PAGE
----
David Gaffin of Greenpark Mortgage, www.massmortgageblog.com, is here with a superb summary of what’s now going on with Massachusetts (and national) residential mortgage market.
The National and Massachusetts Mortgage Lending Picture
Lot’s has been happening in the Mortgage World lately. Refinance business is very good. Purchase business is fair, heading into the all important year end buying season.
I will let this post be a little more free-form than my taking a particular topic and expounding on it (or beating it to death) depending on your perspective.
FHA has changed guidelines… Again.
USDA is still not guaranteeing loans.
Fannie and Freddie need another $200 billion of taxpayer money.
Foreclosures stopped and started again. What could that mean to you and me?
The Fed is meeting on Nov 3 to either lay the hammer down on Quantitative Easing II or will do nothing and really mess up interest rates.
1. So you want to refinance? My suggestions: A. Get started now! Loan pipelines continue to be backed up. Remember the bad old days when rates were an exorbitant 4.75% for a 30 year fixed rate and everyone re-fied? When was that again? Oh, right. JUNE. Well many of those same people are now re-fiing again in the low 4′s, possibly high 3′s. And people who were late to the party are adding on. So don’t expect your file to be closed in less than 60 days. Many lenders are at 120 days for refinances. If you have a current home equity line of credit that you plan to keep open, add another 30 days or so.
It is not all doom and gloom. I know of many files that were closed in less than 45 days. Purchases always get priority and about 30-35 days is the requirement. If you lender can’t get it done in that time, well my contact info is below.
Don’t be cranky with your loan officer or processor when they request enough paper work to rebuild a forest. The secondary market has really toughened its verification guidelines, cause no one wants to be left holding the bag on a loan that goes bad. Everyone wants to ensure that the underwriting, appraisal and income verification has been double and triple checked.
Good news for Realtors
End of year buying season has begun and the clients that want to be in their new homes by year end must make some decisions soon. We should see a boost in P & S activity over the next 30 days. If that doesn’t come to fruition, it could be a long dark winter for many of my realty friends. But rates are great! If you bought the same priced home 2 years ago, you would have paid 5-20% more than current prices and your interest rates could have been more than 2.00% higher. Now is a GREAT time to buy. I know that is self-serving, but I am a numbers and value guy. I don’t like seeing the value drop in my house either, but if I were buying I would be psyched!
FHA has changed it guidelines again as of Oct 4
FHA needs money to keep guaranteeing its loans against default. Every borrower pays a fee to get into the program and to ensure its continuation. So the fees got changed. FHA lowered the UPMIP (up-front mortgage insurance premium) from 2.25% to 1.00%. Sounds good right? With one hand they giveth and the other taketh away. The monthly mortgage insurance will virtually all FHA borrowers pay has moved from .55% of the base loan amount to .84% monthly. On a $200,000 loan the old cost over 7 years was $12,200 and the monthly MI was $91.67. Now the projected expense is $13,760 and the monthly MI is $140.00. Most investors have now raised the minimum credit score requirement from 620 to 640. FHA is still the best choice for borrower’s with credit scores under 660 and who may have little equity or down payment or who need higher tolerance levels for debt to income ratios.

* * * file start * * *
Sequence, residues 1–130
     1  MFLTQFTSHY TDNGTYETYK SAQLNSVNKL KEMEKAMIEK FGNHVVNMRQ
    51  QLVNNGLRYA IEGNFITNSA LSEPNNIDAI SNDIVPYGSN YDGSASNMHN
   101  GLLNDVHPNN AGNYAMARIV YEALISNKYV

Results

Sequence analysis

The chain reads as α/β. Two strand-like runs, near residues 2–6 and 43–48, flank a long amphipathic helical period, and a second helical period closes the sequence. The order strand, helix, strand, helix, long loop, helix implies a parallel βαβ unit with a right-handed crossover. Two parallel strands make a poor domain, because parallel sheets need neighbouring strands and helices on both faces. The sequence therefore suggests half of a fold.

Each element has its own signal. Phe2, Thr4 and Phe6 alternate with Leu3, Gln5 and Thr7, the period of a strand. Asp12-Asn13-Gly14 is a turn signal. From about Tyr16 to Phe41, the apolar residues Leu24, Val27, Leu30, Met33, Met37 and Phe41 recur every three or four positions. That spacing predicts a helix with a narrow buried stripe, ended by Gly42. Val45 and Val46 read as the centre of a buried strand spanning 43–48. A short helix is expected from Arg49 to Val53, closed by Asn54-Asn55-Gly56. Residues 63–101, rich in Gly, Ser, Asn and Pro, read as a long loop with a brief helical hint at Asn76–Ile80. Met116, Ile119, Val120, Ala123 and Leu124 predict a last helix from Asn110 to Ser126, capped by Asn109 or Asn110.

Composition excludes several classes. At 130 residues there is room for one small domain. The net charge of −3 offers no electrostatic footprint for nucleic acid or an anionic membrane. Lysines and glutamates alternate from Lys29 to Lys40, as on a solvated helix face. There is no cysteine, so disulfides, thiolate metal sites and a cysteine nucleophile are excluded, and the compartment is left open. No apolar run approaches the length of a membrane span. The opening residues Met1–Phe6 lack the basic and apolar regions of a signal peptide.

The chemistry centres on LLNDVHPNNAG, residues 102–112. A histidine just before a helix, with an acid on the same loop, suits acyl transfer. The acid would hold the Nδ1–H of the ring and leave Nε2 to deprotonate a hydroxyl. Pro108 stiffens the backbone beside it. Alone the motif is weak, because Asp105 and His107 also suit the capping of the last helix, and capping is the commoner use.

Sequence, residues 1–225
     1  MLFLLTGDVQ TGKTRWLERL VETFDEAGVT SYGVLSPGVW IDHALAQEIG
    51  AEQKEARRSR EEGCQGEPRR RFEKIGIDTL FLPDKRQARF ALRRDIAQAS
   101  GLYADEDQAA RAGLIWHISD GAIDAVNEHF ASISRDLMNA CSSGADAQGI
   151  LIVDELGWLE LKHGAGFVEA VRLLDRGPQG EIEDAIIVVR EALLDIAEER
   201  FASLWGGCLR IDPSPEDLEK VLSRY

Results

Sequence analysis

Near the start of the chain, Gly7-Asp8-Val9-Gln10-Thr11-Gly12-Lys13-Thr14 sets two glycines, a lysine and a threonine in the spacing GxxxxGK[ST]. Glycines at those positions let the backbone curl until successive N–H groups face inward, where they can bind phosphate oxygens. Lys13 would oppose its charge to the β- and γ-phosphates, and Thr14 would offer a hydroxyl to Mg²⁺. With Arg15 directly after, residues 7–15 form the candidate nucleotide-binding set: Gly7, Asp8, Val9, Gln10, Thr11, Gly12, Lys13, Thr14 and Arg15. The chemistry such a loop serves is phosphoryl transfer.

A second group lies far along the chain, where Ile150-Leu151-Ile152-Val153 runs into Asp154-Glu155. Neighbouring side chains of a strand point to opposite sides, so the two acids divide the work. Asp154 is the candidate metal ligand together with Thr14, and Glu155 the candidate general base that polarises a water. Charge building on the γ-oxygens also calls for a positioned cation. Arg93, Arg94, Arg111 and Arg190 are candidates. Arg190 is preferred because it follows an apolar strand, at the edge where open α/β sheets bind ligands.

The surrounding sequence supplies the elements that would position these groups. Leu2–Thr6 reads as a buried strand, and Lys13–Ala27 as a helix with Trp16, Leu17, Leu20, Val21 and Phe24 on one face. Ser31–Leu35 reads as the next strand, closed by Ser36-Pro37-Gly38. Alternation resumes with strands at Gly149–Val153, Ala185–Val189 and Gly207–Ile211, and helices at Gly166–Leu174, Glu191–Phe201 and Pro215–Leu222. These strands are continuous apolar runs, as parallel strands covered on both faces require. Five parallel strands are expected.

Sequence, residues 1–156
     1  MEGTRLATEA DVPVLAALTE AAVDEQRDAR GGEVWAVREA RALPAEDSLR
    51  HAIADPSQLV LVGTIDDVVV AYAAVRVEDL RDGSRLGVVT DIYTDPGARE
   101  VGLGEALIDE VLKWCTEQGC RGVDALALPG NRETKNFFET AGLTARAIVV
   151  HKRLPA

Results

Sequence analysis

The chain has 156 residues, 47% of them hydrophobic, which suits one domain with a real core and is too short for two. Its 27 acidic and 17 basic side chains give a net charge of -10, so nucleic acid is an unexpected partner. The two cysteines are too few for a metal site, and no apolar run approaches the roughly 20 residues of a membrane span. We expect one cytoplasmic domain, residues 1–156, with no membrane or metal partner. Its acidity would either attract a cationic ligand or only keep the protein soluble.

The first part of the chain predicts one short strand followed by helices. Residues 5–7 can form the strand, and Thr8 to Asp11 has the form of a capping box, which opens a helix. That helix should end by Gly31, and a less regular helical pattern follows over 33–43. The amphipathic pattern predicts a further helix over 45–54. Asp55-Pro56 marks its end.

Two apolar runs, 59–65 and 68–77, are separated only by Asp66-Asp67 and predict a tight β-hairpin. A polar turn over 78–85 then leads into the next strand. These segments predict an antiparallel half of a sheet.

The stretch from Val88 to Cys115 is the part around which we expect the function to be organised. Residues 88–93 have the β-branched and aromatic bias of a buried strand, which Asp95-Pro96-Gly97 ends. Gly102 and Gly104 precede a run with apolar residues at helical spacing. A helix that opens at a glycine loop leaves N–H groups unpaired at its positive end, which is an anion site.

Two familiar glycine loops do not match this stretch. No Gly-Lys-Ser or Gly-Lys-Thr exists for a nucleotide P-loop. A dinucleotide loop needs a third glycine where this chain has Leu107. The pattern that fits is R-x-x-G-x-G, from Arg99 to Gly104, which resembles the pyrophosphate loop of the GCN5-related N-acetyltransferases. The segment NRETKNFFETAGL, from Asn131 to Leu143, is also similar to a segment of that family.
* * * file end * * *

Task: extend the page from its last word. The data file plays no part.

The USDA which offers a great program, or at least did, can’t seem to get its funding in order and therefore cannot issue any conditional guarantees for loans. USDA offers several advantages over conventional and FHA loans but they are proving very hard to get. If you would like more information on the availability of these loans, send me an email.
Freddie and Fannie are in more trouble with losses.
Do we shut them off and let the private sector take over? We can but rates would rise dramatically and put an even further damper on the housing market. Given that TARP actually turned a profit, I think any additional funds to rescue the GSE’s should have an opportunity for the taxpayer to make a return on the re-sold properties even if it takes years to divest the shadow inventory that they own.
Speaking of shadow inventory… Foreclosures are on again/off again/on again. For legal thoughts on this check out the Mass Real Estate Law Blog by Rich Vetstein and Marc Canner.
My thoughts are that although there will be a delay to ensure that the legal work has been properly done, people will unfortunately continue to lose their homes. Many will lose them due to the economic downturn or medical reasons. Others will have lost them to predatory lenders or poor decision making on their parts. I don’t really want to get started on “It was all the lender’s fault.” Needless to say, a reason the paperwork requirements exist today, is reliant upon the the lack of paperwork requirements and shoddy underwriting in the past.
I could write several scrolls on this whole mess, but I don’t wish to bore. It may already be too late.
Big Federal Reserve Meeting
Possibly the greatest short to mid-term driver for interest rates will be what the Fed decides or doesn’t decide to do at it’s next meeting. The market has baked in that the FED will ease monetary policy further. If they don’t come through in a big way the stock market most likely will drop and interest rates will rise. But how much will rates rise? Probably enough that any one who re-fied this summer won’t be able to do so again, or at least until some other economic driver comes to bear. So get off the fence and talk to your loan officer NOW.